Same-Sex Relationships and Beyond (3rd edition): Gender Matters in the EU (European Family Law #42) (Paperback)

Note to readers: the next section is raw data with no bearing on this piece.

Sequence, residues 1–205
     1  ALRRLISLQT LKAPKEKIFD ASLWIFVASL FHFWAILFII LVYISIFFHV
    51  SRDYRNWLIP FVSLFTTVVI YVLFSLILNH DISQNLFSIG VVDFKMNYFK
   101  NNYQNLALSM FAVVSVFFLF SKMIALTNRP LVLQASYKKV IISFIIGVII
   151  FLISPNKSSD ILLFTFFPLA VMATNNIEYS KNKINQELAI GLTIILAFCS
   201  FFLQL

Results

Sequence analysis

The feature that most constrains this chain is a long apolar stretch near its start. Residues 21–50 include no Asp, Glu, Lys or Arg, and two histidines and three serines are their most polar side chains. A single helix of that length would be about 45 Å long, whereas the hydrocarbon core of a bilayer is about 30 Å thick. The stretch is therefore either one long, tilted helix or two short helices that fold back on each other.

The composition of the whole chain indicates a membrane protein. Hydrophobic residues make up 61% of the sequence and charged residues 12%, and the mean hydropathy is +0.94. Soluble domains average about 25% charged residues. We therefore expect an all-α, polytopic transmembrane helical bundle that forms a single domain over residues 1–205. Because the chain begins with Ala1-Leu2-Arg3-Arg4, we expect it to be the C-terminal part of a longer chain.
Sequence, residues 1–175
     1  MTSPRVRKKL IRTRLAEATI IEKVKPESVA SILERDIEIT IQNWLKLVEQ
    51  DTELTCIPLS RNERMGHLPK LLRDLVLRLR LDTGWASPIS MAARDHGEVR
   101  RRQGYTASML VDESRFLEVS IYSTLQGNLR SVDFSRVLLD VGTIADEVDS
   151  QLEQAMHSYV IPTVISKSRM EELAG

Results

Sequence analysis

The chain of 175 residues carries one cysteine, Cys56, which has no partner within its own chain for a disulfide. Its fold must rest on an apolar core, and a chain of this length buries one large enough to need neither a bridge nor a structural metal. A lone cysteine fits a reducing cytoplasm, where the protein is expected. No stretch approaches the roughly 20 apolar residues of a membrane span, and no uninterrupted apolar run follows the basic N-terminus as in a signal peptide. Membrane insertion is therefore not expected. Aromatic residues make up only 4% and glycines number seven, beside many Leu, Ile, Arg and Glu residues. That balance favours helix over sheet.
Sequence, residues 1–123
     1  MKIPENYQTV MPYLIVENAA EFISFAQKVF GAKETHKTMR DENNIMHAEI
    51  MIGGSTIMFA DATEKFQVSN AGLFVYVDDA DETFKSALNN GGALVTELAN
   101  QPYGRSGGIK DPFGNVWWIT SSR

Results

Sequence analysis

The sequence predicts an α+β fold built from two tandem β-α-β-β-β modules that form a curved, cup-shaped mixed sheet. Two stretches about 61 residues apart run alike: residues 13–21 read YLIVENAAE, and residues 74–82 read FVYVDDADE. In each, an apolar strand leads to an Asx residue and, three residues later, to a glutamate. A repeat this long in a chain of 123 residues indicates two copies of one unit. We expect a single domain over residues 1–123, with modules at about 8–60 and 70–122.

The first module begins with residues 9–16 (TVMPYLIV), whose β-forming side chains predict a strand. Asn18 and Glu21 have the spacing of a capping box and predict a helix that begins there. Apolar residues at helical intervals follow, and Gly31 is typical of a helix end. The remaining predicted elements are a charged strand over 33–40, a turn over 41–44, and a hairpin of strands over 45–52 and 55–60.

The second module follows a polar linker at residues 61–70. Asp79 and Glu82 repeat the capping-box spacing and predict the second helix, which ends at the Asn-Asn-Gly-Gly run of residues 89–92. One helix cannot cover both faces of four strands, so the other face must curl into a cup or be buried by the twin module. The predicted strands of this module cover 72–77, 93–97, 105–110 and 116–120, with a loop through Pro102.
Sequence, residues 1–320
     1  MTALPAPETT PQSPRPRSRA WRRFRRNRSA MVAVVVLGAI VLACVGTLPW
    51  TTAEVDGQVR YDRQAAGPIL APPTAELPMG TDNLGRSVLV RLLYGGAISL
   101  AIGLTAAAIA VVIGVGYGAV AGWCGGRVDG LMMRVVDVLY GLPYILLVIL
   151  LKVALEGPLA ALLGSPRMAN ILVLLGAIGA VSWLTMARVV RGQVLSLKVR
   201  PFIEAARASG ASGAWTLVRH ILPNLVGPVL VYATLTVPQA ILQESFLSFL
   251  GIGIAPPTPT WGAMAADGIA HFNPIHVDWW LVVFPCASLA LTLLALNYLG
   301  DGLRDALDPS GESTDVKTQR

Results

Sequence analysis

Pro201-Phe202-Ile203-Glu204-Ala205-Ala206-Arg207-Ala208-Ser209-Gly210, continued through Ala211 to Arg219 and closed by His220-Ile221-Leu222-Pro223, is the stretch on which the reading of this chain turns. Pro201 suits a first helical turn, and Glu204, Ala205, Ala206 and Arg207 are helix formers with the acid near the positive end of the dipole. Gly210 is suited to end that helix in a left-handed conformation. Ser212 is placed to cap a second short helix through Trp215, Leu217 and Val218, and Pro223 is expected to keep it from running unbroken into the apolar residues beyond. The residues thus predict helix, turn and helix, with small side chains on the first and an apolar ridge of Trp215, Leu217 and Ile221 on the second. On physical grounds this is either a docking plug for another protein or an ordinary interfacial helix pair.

The legal status of lesbian, gay, bisexual and transgender (LGBT) people has undergone significant changes in several countries, but remains highly complex and difficult for those affected. Although same-sex partners may have the right to marry or enter into a registered partnership in one Member State, this legal relationship may not be recognised when they exercise their right to freedom of movement. The same is true for certain parent-child relationships, which may be recognised as such in one Member State but not another.This book explores the challenges and controversies concerning the recognition of same-sex relationships throughout the EU through the lens of EU legislation, the case law of the CJEU and ECtHR, and recent national developments. Following the Irish referendum and the recent ECtHR judgment in Oliari v Italy, more changes are expected in the near future.The opening part of the book describes the current state of play in all EU Member States (and beyond) when formalising a same-sex relationship, 'steady progress' being the key term in describing the developments in many countries (with the exception of six Eastern European states that object to legislation in this field). The second part concentrates on parenthood and children's rights, notably adoption, surrogacy, multiple parenting and the range of parenting rights for same-sex couples, transsexual and transgender people. The third part on gender identity and human rights discusses the legal aftermath of the European Court of Human Rights' judgment in Oliari, condemning Italy for failing to protect homosexuals' right to family life. Furthermore, it explains EU legislation against discrimination on grounds of sexual orientation and the challenges lesbian, gay, bisexual and transgender applicants are confronted with when reaching Europe as refugees. The book ends with a lively debate on the right to change one's legal sex and raises the fundamental question whether we still need sex as a legal category.